Op-Ed: How the U.S. came to protect the natural world — and exploit it at the same time — from climate change
At a time when the world is facing an unprecedented challenge, to restore and maintain the health of Nature, we need to look back to understand how our history contributed to the current state of affairs.
This past week, U.S. Senator Sheldon Whitehouse, chair of the Senate Committee on Environment and Public Works, held a hearing in Washington on the importance of protecting nature’s health. The topic has become more pressing every day due to the impact of human-induced climate change as well as new threats from extreme weather.
The senator, a Democrat, has heard directly from a wide range of experts and observers, including many of my own. His hearing was a great opportunity to share our experiences, ideas, and knowledge about how and why we are losing the human race.
Many environmentalists and scientists argue that our natural world is in danger. We are losing natural ecosystems, which have been used for our benefit, and are losing the beauty we see in them every day. As I explained in the November 16 issue of The Revelator, we need to face the facts, not deny them. Instead, we need to build a strong human-centric foundation to protect the health of nature and our culture.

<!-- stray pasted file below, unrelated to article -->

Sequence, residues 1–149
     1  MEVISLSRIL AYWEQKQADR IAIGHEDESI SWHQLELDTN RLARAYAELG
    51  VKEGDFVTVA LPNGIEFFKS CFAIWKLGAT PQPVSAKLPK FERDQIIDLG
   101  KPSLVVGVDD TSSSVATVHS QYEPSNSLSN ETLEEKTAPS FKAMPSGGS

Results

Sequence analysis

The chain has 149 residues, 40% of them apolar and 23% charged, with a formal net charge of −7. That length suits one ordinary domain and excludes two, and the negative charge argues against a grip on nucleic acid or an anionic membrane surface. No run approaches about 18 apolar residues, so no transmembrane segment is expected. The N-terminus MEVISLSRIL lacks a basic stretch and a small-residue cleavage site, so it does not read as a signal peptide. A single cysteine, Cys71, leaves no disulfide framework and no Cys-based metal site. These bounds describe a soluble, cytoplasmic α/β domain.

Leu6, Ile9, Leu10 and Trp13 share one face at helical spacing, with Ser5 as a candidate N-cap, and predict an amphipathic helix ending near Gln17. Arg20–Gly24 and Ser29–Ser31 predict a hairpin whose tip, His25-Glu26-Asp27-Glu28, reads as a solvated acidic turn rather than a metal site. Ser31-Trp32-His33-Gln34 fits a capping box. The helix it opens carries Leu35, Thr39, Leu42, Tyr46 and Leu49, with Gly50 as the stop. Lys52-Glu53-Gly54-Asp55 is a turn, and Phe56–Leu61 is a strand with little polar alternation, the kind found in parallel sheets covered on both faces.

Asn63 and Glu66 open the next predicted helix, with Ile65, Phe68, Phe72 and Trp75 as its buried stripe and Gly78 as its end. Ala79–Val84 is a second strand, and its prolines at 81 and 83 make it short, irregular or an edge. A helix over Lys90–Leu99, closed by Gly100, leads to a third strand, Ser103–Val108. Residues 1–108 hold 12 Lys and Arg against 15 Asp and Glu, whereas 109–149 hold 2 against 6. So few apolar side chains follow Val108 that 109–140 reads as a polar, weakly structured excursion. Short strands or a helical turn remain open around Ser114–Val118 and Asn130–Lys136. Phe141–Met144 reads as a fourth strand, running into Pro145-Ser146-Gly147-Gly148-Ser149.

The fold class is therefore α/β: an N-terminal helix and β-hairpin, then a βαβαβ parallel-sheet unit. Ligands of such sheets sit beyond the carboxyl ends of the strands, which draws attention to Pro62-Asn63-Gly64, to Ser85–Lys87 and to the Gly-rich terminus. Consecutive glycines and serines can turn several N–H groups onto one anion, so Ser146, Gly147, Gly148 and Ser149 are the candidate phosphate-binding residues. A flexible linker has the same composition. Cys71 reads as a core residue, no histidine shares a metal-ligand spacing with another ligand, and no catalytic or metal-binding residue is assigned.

As I also wrote in The Revelator, we need to understand the role we play in the degradation of our nature. While we enjoy the benefits of the natural world, we are the main cause of its decline and have had a hand in shaping its future. And we are not the only cause.
I have written about the role we play in the degradation of our nature before. But today, I want to turn our attention away from myself and to a less-visible force.
How we came to love the natural world
A few years back, I wrote and discussed the “love affair” we have with the natural world in two pieces published in The Revelator. In this first piece, I examined the “human” (and human-centered) contribution to the decline of our nature.
The majority of the environment is found nowhere but